Today, most private wireless networks use Wi-Fi. These systems have been and will continue to be a great offering in the enterprise space, especially with the number of compatible devices and the release of WiFi-6. However, these never seem to fully replace the need for cellular service. Cellular networks, such as those rooted in LTE, offer a higher level of security that traditional Wi-Fi cannot provide.
Property owners looking to deploy a cellular network have always been at the mercy of the wireless operators. Back-end service needs to be provided and devices require dedicated authentication through SIM cards. New devices, equipment, and spectrum options are beginning to place control back into the property owner’s hands. It allows the enterprise to freely deploy and operate that network, whether it be free or as a subscription-based service.
Additionally, controlling a network means you own the data, which opens the door to near-endless opportunities in analytics. Analytics and pay-to-play options provide to the potential for new revenue streams, which may in turn alter the endpoint of your design – meaning you may want additional applications running or, say, sensors to track assets / people as they move throughout the property.
4. How long have you been in wireless?
I was introduced to Connectivity Wireless through a cooperative education program while still studying for my undergraduate degree. When I started, the projects we worked ranged from small retail stores to massive public venues. I had the opportunity to jump into multiple roles and gain different experiences. I designed systems, pulled cable, performed data walk tests, commissioned, you name it. Seeing all facets of the business and at the beginning of 4G, I became hooked.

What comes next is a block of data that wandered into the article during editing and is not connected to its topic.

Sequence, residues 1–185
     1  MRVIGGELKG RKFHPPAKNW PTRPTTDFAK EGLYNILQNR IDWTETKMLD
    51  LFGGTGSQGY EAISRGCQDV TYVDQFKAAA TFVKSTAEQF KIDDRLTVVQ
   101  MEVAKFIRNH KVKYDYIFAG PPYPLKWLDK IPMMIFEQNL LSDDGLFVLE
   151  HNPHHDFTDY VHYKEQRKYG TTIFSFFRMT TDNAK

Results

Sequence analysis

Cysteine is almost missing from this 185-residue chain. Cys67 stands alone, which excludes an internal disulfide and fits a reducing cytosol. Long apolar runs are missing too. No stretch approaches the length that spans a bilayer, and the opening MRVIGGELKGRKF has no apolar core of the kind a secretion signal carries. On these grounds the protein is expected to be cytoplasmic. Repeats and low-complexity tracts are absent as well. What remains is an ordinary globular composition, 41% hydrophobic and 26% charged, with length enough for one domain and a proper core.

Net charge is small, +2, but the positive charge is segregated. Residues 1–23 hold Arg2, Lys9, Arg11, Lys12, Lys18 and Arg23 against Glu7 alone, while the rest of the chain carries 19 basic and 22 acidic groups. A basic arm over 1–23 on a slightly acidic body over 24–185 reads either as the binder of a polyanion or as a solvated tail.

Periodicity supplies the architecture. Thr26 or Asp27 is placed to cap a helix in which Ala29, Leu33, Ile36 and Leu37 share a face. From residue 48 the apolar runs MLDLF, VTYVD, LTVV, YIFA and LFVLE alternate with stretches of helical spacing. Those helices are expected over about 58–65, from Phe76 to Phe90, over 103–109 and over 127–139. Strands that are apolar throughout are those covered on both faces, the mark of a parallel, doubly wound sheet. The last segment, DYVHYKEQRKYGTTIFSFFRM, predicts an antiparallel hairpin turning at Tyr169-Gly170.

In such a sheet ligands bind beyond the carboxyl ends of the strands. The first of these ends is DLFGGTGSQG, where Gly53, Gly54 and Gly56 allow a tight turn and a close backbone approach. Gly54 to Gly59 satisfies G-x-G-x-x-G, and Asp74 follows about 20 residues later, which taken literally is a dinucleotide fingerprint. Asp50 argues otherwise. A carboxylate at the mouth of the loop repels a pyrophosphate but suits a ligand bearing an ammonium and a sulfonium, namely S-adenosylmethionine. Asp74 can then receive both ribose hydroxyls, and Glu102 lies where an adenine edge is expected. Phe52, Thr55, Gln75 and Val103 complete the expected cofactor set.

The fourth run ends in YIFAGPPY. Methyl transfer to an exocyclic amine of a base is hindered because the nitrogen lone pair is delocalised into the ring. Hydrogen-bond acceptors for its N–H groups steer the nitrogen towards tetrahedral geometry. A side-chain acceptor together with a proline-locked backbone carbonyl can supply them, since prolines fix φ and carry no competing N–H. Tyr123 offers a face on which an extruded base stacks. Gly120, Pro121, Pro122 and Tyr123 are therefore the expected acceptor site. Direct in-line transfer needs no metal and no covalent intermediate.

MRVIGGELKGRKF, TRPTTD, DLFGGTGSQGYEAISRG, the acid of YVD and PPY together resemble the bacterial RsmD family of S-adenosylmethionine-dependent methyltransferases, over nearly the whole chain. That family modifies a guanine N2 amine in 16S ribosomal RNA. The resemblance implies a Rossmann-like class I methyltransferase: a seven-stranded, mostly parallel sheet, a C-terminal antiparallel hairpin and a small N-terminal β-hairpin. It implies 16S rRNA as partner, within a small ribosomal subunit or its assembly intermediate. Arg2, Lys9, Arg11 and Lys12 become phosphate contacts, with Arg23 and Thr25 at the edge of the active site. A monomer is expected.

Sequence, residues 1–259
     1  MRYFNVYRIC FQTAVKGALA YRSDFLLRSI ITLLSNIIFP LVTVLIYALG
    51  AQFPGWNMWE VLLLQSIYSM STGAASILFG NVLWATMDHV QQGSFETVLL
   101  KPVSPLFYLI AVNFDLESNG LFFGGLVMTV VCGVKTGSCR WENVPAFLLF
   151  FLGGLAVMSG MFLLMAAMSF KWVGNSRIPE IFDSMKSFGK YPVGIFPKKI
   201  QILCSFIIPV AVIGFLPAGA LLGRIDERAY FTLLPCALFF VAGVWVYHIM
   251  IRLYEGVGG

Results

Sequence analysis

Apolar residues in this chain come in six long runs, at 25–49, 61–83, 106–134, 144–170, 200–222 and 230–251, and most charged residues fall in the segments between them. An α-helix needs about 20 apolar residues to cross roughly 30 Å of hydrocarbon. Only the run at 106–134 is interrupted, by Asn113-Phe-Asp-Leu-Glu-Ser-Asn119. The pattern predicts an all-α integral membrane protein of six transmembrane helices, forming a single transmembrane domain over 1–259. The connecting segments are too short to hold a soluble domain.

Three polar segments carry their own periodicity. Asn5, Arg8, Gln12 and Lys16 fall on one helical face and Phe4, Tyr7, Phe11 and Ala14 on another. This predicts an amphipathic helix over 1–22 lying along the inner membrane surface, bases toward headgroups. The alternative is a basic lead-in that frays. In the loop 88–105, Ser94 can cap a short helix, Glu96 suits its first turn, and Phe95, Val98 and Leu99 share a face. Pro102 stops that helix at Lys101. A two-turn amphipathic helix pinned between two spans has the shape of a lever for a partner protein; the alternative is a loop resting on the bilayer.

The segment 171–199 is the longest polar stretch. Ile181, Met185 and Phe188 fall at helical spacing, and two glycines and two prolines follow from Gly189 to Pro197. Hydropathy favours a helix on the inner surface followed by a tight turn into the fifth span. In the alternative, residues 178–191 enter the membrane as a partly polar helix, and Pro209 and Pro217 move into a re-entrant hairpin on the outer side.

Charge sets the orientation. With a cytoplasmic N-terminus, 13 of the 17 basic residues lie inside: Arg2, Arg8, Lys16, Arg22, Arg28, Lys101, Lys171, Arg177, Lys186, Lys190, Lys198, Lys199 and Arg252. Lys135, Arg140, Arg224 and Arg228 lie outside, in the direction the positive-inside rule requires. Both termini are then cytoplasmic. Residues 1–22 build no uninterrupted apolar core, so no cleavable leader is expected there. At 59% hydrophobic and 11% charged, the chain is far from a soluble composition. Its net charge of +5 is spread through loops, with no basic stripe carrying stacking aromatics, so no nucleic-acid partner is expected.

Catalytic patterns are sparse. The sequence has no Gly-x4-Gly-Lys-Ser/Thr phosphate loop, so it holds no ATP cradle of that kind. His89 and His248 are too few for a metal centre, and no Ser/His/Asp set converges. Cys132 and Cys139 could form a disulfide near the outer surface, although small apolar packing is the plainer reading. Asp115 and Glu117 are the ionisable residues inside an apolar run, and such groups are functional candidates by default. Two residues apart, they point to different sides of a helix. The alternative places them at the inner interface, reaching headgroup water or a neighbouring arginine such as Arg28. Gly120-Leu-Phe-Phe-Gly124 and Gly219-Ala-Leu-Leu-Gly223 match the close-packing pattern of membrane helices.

As the years progressed, I jumped to get every certification or license I could find and stepped into various new roles with added responsibilities. I’ve continued to learn and be challenged, which is why Connectivity is still my home today. Of course, being part of a family-oriented organization gave it that homey touch that I felt couldn’t be beat. I’m a big proponent of introspection. Each time I analyze my career, the result leaves me pleased to still work at Connectivity Wireless.
5. Tell us about yourself
I was born and raised in the Atlanta area and graduated from Auburn University with an electrical engineering degree. I enjoy a good challenge, especially when others say it can’t be done. I remember plenty of times when the result turned out less than desirable, but those have been some of my greatest lessons. I live by the motto that there is no replacement for hard work. Life’s greatest rewards are those that require the greatest work. Or at least this what my wife and I tell ourselves as we raise a 3- and 5-year-old.
My wife, two kids, and I still live in the Atlanta area, but don’t be surprised to see us in Orlando visiting Disney World. The magic runs deep in our household. In fact, my hidden talent is a pretty spot on Mickey Mouse voice.